There are four core components of a physical exam. They are not necessarily used on every body part but generally include:

  • Inspection: Visual examination of the body
  • Palpation: Touching of the body
  • Percussion: Tapping of the body to evaluate the size and consistency of an organ or check for the presence of fluid
  • Auscultation: Listening to heart, lung, and bowel sounds with a stethoscope


Palpation is an assessment skill used by various healthcare providers to feel structures below the skin. Sometimes palpation is used to confirm normal findings. Palpation can also be used to test for an injury or abnormal process.

Palpation is part of your clinical examination, and your provider may recommend additional testing depending on what is found during your visit.

A Word From Verywell

Palpation involves being touched by your healthcare provider. Most providers will let you know what they are planning to examine and what you can expect (how much pressure, how long it will take). If you have any questions or are sensitive to touch from others, it is helpful to inform your provider before the exam starts. You also have the right to ask to have another person in the room for the exam if that makes you more comfortable.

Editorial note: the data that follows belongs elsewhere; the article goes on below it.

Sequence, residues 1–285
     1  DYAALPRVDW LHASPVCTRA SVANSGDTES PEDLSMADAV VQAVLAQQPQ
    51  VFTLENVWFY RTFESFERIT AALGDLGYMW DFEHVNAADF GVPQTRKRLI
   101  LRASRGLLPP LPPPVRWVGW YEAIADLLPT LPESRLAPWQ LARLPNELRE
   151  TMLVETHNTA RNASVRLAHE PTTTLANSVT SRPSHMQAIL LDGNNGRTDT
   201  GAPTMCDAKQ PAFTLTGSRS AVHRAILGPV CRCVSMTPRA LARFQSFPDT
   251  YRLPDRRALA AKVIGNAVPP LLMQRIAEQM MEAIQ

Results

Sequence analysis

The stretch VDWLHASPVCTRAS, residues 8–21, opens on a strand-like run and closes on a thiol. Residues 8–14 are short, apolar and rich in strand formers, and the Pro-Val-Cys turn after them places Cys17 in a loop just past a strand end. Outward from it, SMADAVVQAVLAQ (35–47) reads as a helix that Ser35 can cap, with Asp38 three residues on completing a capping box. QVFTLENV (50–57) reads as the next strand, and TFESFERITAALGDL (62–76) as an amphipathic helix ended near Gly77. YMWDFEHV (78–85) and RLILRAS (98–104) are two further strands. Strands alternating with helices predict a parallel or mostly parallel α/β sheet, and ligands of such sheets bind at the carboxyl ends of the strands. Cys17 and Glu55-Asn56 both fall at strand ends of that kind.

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Verywell Health uses only high-quality sources, including peer-reviewed studies, to support the facts within our articles. Read our editorial process to learn more about how we fact-check and keep our content accurate, reliable, and trustworthy.
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Additional Reading
  • Seidel's Guide to Physical Examination, 9th ed. Elsevier. 2019

By Pam Stephan
Pam Stephan is a breast cancer survivor.

Originally written by Pam Stephan